A new report says Minnesota's air quality is good overall, but isn't the same in all parts of the state.
The Minnesota Pollution Control Agency is required to report to the Legislature every two years on how clean the state’s air is. The most recent report, sent to the Legislature on Jan. 1, says Minnesota is meeting federal standards for air pollution.
But it also says people in some areas experience pollution levels high enough to affect the health of children, the elderly and those with underlying health conditions.
"In areas that have, you know, lower economic opportunity or communities of color, we're not seeing the same air quality that we see in wealthier areas or whiter communities as well,” said Craig McDonnell, assistant commissioner for air policy at the MPCA. “So the air quality kind of depends on where you're at."
Traffic is one of the main drivers of air pollution, and McDonnell said neighborhoods near freeways or in high-traffic areas often have higher levels of pollutants, such as ozone and fine particulate matter.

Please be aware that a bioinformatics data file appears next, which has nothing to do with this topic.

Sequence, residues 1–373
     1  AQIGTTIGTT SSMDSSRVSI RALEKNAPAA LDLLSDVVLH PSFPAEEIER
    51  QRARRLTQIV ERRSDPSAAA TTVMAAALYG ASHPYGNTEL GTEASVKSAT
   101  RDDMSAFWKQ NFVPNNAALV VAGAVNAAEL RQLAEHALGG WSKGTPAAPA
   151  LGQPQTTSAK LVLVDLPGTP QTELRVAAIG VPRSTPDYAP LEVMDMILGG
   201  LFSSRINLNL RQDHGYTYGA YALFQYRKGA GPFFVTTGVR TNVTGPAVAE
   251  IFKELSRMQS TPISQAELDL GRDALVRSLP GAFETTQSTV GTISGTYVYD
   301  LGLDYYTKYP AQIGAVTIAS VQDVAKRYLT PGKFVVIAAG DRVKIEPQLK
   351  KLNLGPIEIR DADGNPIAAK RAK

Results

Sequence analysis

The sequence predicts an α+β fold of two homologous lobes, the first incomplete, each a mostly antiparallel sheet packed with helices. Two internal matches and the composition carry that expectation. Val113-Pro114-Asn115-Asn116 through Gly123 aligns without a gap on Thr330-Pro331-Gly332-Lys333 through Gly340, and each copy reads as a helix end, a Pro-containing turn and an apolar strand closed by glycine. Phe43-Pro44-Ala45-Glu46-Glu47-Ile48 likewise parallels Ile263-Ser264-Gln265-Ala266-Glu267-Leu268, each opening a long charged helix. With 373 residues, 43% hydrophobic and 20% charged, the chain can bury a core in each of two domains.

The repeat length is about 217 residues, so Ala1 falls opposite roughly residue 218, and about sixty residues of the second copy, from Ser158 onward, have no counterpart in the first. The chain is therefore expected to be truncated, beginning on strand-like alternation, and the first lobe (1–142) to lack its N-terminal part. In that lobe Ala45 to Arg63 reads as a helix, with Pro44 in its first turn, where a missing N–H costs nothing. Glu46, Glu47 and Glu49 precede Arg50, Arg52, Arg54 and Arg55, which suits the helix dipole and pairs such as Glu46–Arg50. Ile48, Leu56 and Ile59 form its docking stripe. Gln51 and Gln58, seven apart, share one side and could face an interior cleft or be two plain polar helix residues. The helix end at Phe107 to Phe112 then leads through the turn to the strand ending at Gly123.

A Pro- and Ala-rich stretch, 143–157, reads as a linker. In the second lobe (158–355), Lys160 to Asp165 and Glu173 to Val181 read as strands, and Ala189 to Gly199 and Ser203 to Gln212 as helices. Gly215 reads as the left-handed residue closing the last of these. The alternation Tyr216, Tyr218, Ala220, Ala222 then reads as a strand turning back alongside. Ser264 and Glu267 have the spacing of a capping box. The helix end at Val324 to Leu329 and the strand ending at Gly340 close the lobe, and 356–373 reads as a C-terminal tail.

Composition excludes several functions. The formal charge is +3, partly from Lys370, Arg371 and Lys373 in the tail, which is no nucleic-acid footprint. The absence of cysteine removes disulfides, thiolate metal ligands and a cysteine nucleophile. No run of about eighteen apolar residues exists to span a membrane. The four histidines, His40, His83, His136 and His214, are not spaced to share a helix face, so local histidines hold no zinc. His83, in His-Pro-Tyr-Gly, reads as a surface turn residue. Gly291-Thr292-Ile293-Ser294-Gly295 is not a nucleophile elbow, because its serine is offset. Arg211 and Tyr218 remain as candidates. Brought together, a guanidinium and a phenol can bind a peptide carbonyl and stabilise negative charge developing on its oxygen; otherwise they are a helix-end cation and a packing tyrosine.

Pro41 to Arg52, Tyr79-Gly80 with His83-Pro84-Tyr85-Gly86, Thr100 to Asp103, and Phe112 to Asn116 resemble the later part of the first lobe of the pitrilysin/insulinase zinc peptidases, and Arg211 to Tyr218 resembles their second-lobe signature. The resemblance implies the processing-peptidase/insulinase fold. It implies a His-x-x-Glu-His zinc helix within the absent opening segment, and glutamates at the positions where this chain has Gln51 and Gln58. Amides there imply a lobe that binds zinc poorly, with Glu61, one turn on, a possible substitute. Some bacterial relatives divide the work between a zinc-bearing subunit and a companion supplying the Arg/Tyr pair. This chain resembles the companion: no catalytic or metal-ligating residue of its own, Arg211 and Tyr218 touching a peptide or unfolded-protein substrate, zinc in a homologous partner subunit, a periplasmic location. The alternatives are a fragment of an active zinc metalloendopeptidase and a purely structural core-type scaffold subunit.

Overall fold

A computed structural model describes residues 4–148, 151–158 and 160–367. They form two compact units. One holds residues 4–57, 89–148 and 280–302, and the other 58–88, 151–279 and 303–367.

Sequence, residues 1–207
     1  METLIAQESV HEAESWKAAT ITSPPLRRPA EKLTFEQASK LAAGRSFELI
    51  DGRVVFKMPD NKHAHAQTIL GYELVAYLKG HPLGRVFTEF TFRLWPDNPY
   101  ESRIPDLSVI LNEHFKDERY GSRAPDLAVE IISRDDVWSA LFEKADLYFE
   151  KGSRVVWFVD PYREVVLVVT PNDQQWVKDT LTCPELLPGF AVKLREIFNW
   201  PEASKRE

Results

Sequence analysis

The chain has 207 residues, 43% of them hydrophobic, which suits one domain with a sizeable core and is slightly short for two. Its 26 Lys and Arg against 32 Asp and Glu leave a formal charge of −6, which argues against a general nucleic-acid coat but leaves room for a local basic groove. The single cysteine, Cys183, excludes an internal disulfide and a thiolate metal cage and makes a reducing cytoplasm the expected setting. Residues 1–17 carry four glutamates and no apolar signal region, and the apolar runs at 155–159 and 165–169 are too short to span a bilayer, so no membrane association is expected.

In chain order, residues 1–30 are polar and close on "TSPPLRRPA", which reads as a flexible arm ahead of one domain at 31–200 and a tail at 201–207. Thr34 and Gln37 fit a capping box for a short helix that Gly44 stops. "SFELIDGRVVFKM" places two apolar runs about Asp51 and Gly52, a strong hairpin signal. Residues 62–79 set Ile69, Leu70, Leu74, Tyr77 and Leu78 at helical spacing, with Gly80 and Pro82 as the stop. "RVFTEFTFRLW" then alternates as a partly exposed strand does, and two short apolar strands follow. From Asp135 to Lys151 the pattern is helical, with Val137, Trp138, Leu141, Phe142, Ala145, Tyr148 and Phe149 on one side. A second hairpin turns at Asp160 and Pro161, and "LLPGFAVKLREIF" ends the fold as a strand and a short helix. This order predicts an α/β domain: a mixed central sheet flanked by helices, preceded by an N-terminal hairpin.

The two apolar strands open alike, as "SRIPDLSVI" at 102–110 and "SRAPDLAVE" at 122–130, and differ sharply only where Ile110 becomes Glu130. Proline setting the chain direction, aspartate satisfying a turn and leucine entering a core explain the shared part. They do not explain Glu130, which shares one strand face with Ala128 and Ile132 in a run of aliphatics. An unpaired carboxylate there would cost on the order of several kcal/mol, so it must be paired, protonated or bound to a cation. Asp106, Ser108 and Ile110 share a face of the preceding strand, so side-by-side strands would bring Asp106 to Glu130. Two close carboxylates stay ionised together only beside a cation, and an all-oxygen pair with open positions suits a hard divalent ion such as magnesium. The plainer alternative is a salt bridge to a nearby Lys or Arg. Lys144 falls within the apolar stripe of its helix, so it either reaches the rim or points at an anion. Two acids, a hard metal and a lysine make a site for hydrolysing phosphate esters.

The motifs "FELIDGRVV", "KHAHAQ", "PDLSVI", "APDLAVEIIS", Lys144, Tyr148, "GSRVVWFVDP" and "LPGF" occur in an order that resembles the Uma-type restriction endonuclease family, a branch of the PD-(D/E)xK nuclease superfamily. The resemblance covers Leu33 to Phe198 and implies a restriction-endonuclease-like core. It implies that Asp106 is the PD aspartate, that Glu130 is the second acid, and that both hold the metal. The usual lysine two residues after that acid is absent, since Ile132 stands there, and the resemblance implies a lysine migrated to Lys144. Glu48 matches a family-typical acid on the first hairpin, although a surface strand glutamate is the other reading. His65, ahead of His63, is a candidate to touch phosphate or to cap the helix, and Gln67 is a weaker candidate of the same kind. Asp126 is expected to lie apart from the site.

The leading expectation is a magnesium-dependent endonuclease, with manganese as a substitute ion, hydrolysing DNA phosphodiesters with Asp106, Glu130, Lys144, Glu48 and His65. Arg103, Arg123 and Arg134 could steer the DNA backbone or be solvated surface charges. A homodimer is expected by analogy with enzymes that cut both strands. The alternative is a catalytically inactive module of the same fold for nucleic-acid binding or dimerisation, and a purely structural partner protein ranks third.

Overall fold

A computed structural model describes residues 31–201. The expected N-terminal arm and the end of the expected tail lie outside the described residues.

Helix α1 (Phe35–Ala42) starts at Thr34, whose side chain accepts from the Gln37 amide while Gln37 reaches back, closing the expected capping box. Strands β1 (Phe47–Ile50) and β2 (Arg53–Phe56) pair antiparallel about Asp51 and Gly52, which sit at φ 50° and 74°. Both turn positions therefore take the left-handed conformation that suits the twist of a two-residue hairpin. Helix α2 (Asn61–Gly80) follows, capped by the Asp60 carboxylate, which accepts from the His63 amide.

With the retirement of coal-fired power plants, emissions from the combustion of fossil fuels have declined, McDonnell said. However, pollution is still being driven by multiple factors, he said, including industrial plants and neighborhood sources.
“Think about somebody mowing their lawn or having a fire in the winter,” McDonnell said. “That’s still a source of air pollution as well.”
In recent years, Minnesota has seen more poor air quality days due to smoke from wildfires in other states — a problem likely to worsen with climate change, and become more difficult to predict, said Kari Palmer, MPCA’s air assessment manager.
The report also noted that Minnesota is not on pace to meet its goals for reducing greenhouse gas emissions and mercury.
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